He never said it, but I think my husband was relieved. We had done this together before, and the familiarity brought peace. We just looked at each other, trying to make jokes and watched bad television while resting. He snuck me too much apple juice and reminded me that we were able to handle whatever life was going to look like after that point, and we were always going to be together.
It also didn’t take long to get the show on the road. A few nurses came in to check on things because they couldn’t detect my son’s heart rate. This was because he was too far south for a reading to be established. “This baby is about to fall out!” said one nurse excitedly. It took about 30 seconds for my delivery doctor to arrive (not the midwife). She had also been my advocate for natural labor, but she didn’t say a word when I changed my mind, which I appreciated.
I’m not sure why, but I have the quickest deliveries (praise hands). Both my babies emerged in just a few minutes—this most recent birth being the quickest at about 3 minutes of active pushing. I barely had time to get in the proper frame of mind when he was born. Navy Wells, a whopping 8.4 pounds and 21 inches long. My doctor handed him to me and said, “Look at what you just did. Look at him. Meet your baby.” He was seriously handsome, and he made me feel known immediately.
Now that we have gotten to know one another a bit better, I can’t believe I spent 27 years of my life without him. His creation completed unfinished parts of me, and his arrival also brought me to the end of myself in many ways. He is sweet, sensitive and deep. He made our family what it is present day, and no matter his arrival, it feels like we have always been waiting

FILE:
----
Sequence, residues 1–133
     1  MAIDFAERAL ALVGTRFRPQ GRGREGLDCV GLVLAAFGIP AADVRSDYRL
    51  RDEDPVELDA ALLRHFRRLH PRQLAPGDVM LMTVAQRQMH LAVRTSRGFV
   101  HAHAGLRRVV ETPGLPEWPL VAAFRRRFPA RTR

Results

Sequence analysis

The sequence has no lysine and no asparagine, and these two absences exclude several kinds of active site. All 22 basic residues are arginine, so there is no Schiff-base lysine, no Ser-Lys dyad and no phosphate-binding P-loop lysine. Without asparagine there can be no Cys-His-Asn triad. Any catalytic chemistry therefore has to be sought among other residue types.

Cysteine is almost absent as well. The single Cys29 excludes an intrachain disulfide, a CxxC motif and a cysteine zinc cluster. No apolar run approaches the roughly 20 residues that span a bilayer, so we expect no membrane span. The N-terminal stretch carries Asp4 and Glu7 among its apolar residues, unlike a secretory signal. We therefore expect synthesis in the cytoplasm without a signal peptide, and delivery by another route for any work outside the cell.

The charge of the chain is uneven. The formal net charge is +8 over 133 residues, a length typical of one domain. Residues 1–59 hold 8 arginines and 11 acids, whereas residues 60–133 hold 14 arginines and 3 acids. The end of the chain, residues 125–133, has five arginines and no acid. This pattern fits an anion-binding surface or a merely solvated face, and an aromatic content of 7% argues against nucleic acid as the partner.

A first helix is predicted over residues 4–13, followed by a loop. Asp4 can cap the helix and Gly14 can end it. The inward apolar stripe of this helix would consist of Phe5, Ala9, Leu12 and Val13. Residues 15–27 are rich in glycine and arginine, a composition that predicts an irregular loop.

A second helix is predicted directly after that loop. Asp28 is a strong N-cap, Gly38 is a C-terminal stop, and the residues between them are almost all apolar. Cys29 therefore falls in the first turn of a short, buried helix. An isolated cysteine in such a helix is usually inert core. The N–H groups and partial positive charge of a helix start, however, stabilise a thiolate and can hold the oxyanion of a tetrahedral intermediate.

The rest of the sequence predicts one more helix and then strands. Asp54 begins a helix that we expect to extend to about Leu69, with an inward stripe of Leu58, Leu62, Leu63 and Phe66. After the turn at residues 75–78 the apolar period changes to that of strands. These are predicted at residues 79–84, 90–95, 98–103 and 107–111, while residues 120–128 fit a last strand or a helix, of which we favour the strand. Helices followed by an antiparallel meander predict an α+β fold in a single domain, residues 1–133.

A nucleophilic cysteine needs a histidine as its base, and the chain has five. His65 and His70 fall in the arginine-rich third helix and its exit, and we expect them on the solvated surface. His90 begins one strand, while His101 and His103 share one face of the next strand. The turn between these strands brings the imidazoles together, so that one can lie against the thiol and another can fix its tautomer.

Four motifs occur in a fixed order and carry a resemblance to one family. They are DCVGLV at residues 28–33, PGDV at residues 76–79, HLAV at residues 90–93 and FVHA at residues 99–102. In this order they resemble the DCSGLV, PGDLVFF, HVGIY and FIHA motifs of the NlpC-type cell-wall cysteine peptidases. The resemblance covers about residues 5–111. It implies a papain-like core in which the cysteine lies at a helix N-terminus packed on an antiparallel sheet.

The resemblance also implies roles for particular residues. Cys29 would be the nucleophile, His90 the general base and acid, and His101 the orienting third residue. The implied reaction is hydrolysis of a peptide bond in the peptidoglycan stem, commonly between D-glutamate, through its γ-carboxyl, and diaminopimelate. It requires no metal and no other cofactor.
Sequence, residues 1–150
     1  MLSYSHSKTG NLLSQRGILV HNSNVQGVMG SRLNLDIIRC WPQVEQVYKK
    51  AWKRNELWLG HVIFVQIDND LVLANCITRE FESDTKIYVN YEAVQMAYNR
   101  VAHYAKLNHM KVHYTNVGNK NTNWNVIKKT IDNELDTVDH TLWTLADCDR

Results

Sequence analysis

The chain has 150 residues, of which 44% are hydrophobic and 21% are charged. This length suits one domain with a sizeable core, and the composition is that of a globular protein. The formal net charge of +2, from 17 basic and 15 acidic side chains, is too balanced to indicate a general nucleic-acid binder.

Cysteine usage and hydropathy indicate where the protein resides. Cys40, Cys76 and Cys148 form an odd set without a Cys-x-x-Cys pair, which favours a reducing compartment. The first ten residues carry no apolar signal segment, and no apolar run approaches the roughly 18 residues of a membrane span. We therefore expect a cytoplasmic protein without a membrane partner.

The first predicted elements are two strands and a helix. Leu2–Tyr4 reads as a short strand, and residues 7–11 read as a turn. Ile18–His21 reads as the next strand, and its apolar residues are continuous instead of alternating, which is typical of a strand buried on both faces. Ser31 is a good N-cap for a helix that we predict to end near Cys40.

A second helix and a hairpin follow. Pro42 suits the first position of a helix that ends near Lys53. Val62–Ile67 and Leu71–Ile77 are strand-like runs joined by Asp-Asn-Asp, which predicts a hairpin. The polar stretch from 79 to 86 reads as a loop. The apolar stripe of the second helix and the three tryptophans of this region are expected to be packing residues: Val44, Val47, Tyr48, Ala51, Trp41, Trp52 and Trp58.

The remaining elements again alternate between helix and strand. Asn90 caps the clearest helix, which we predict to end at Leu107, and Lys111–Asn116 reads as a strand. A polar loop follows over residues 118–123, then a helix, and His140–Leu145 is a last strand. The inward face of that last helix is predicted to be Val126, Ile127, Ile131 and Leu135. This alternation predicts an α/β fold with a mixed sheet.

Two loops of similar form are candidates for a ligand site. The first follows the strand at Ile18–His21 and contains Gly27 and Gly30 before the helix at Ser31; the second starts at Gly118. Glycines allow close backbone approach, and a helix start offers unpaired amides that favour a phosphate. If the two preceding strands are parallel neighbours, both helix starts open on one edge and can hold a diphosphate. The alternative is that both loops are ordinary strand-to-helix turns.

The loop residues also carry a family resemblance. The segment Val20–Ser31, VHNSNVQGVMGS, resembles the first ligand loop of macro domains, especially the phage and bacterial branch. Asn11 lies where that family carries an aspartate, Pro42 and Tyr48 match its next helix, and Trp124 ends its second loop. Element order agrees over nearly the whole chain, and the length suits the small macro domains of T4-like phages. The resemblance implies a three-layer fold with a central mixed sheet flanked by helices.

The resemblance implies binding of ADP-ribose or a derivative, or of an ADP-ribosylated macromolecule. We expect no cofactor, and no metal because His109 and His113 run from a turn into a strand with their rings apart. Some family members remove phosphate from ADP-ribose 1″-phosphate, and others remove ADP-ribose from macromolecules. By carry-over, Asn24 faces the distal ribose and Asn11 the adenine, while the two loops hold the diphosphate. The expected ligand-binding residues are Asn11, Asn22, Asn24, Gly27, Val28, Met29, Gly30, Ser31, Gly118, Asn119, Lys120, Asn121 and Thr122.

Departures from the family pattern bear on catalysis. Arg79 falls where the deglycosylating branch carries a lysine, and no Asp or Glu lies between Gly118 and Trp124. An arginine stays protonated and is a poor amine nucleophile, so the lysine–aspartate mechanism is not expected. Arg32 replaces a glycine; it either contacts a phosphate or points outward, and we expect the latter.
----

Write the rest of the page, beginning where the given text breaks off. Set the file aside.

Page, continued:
Meet the DeBusscheres
Home: Atlanta, Georgia
Navy now: A 10-month-old baldy who smiles constantly and has fixed heart eyes for his sister, Bellamy.
Favorite activity: Breakfast, snack time, midnight meals … this kid loves to eat!
Behind the name: Navy just fits his personality! He is gentle and deep, not too harsh while also vibrant. His nickname (affectionately given by his sister) is Nay-Nay.
Milestone memory: He just started crawling, but he can’t even sit up on his own yet! Having an older sister helps model his activity, but having a big head makes balancing a challenge.
Send us your birth story! Whether you had a home birth, hospital birth, 37-hour labor or emergency C-section, we’d love to read the tale of your little one’s grand entrance. Write up your birth story (click here for tips on getting started) and email it, along with a few photos, to firstname.lastname@example.org. We’ll share it on our Birth Day blog and may even print it in an upcoming issue!